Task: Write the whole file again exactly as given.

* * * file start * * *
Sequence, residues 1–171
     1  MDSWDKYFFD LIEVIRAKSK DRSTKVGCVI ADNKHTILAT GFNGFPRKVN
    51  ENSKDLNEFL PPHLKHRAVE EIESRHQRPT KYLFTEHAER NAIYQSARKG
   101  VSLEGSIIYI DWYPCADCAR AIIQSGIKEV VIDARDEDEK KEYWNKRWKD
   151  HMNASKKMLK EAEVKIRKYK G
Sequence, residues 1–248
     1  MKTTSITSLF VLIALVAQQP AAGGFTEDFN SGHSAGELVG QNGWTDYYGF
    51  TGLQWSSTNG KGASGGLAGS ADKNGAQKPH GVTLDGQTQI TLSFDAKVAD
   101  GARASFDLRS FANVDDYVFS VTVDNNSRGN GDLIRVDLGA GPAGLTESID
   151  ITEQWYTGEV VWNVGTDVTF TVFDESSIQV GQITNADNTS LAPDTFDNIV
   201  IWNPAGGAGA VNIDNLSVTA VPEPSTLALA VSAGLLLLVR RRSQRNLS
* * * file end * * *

Sequence, residues 1–171
     1  MDSWDKYFFD LIEVIRAKSK DRSTKVGCVI ADNKHTILAT GFNGFPRKVN
    51  ENSKDLNEFL PPHLKHRAVE EIESRHQRPT KYLFTEHAER NAIYQSARKG
   101  VSLEGSIIYI DWYPCADCAR AIIQSGIKEV VIDARDEDEK KEYWNKRWKD
   151  HMNASKKMLK EAEVKIRKYK G
Sequence, residues 1–248
     1  MKTTSITSLF VLIALVAQQP AAGGFTEDFN SGHSAGELVG QNGWTDYYGF
    51  TGLQWSSTNG KGASGGLAGS ADKNGAQKPH GVTLDGQTQI TLSFDAKVAD
   101  GARASFDLRS FANVDDYVFS VTVDNNSRGN GDLIRVDLGA GPAGLTESID
   151  ITEQWYTGEV VWNVGTDVTF TVFDESSIQV GQITNADNTS LAPDTFDNIV
   201  IWNPAGGAGA VNIDNLSVTA VPEPSTLALA VSAGLLLLVR RRSQRNLS